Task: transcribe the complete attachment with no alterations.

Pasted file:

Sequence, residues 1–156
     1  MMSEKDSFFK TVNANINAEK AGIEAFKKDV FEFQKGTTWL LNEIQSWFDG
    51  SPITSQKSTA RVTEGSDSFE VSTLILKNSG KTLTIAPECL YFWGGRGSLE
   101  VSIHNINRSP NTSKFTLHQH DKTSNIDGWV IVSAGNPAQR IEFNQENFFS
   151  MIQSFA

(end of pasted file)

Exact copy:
Sequence, residues 1–156
     1  MMSEKDSFFK TVNANINAEK AGIEAFKKDV FEFQKGTTWL LNEIQSWFDG
    51  SPITSQKSTA RVTEGSDSFE VSTLILKNSG KTLTIAPECL YFWGGRGSLE
   101  VSIHNINRSP NTSKFTLHQH DKTSNIDGWV IVSAGNPAQR IEFNQENFFS
   151  MIQSFA